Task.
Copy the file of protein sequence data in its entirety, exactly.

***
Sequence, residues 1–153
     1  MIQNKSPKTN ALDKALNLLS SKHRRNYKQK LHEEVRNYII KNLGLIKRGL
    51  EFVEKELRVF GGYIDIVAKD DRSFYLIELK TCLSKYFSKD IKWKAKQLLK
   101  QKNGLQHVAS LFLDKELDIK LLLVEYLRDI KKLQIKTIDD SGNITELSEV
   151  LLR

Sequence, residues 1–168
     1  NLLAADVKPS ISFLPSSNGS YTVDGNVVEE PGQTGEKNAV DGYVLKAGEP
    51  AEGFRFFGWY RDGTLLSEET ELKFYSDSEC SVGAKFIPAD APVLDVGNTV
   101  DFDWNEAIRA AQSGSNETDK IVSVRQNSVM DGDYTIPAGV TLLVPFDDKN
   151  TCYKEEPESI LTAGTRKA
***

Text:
Sequence, residues 1–153
     1  MIQNKSPKTN ALDKALNLLS SKHRRNYKQK LHEEVRNYII KNLGLIKRGL
    51  EFVEKELRVF GGYIDIVAKD DRSFYLIELK TCLSKYFSKD IKWKAKQLLK
   101  QKNGLQHVAS LFLDKELDIK LLLVEYLRDI KKLQIKTIDD SGNITELSEV
   151  LLR

Sequence, residues 1–168
     1  NLLAADVKPS ISFLPSSNGS YTVDGNVVEE PGQTGEKNAV DGYVLKAGEP
    51  AEGFRFFGWY RDGTLLSEET ELKFYSDSEC SVGAKFIPAD APVLDVGNTV
   101  DFDWNEAIRA AQSGSNETDK IVSVRQNSVM DGDYTIPAGV TLLVPFDDKN
   151  TCYKEEPESI LTAGTRKA